For millions of business professionals LinkedIn is the platform which hosts their network and helps them to find, connect and engage with new contacts. New data laws are about to make LinkedIn an even more critical tool for business to business communications.
GDPR (General Data Protection Regulation) and its sister regulation ePR (ePrivacy Regulation) are an attempt to update the ageing 1998 data protection laws to cope with the changing data landscape. Remember 1998? Ford announced its latest model, the Focus, the DVD format was launched, and email marketing was in its infancy. An update is long overdue.
How will the new laws impact marketing activity?
The two regulations operate in tandem but have slightly different emphasises. As Kim Bradford, E-GDPR specialist, explains, “GDPR is primarily about personal data and protection, whereas ePR is directly about marketing activity in alignment with the principles of GDPR.”
For practical purposes, however, it’s probably less confusing for businesses to think of them as a single combined set of regulations – let’s call it E-GDPR.
In the new rules the default position will be that all marketing to individuals by phone, text or email must be opt-in. In addition, businesses will need to obtain specific consent for each separate marketing channel, and to be able to demonstrate that consent.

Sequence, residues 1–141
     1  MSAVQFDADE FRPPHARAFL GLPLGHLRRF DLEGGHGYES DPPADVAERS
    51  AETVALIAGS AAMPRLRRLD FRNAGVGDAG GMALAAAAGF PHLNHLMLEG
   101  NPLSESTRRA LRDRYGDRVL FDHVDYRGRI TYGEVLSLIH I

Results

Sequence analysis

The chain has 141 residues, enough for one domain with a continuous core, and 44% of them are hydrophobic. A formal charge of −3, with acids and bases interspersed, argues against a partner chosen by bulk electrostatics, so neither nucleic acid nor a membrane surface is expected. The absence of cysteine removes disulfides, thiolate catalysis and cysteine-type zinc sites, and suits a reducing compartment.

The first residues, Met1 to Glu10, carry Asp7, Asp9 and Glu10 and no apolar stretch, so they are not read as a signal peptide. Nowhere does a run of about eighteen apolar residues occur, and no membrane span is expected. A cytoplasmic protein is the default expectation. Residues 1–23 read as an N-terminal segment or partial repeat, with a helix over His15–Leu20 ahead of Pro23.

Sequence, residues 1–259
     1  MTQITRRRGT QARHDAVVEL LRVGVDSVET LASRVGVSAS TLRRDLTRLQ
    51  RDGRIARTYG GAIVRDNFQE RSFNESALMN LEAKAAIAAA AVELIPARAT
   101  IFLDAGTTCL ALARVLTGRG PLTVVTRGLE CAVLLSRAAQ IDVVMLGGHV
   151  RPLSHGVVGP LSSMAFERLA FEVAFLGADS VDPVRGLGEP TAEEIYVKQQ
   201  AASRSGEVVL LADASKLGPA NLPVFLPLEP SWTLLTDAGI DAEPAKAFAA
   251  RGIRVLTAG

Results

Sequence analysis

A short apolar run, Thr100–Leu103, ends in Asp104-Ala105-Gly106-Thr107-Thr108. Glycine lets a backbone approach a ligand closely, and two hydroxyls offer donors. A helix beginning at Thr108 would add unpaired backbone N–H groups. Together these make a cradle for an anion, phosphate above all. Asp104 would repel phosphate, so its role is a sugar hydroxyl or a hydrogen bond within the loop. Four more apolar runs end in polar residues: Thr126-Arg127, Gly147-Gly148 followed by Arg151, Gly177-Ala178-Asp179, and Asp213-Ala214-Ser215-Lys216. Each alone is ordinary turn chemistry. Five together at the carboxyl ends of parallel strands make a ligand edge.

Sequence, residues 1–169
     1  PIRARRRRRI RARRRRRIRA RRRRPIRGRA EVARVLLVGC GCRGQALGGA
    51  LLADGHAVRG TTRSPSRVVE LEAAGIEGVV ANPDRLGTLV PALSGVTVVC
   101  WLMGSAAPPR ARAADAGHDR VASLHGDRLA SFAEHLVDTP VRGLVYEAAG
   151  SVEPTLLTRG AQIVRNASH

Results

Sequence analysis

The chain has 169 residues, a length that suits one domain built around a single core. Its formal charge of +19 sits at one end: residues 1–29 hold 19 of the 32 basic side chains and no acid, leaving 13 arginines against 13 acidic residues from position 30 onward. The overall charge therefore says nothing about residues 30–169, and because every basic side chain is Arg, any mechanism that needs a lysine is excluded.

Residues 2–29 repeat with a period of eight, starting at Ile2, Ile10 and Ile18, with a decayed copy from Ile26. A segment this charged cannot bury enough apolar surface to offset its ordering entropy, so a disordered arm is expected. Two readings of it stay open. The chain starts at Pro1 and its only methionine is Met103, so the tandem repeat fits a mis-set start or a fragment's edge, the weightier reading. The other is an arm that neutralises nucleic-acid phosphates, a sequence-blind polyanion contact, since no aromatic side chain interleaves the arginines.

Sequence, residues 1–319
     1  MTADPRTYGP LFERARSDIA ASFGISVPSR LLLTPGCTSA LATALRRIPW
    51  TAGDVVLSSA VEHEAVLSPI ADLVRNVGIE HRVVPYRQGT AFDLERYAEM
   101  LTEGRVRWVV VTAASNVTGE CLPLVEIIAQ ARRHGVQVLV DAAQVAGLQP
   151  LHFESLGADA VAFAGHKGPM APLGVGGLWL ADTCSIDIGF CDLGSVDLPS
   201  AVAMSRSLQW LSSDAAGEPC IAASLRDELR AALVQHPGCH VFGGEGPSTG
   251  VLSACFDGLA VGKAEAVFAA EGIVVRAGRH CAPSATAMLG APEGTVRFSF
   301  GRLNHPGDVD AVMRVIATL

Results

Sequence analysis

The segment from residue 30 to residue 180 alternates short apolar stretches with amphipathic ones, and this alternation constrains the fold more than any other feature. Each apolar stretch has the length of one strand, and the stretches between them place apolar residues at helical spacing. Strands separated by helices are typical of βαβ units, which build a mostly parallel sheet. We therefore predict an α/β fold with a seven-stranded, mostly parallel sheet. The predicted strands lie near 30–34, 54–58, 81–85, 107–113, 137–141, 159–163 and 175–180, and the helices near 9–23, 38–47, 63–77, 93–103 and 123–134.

Let’s talk mailing lists. If you have operated a double opt-in mailing system i.e. each person has to separately verify their consent by email before being added to a mailing list, you will have proof of consent and do not need to seek permission all over again, unless you plan to use a different marketing channel e.g. phone or text.
However, if you have been using a single opt-in system, as most businesses do, and you cannot provide proof of consent then you will need to ask afresh for permission to send them marketing communications, and specify what type.
I don’t have to tell you that in the process, there will be some attrition. It could be 20%, but more likely 40, 50 or even 60%. In other words, your mailing list is going to shrink. The good news is that those people who choose to remain on your list are likely, at least in theory, to be more responsive.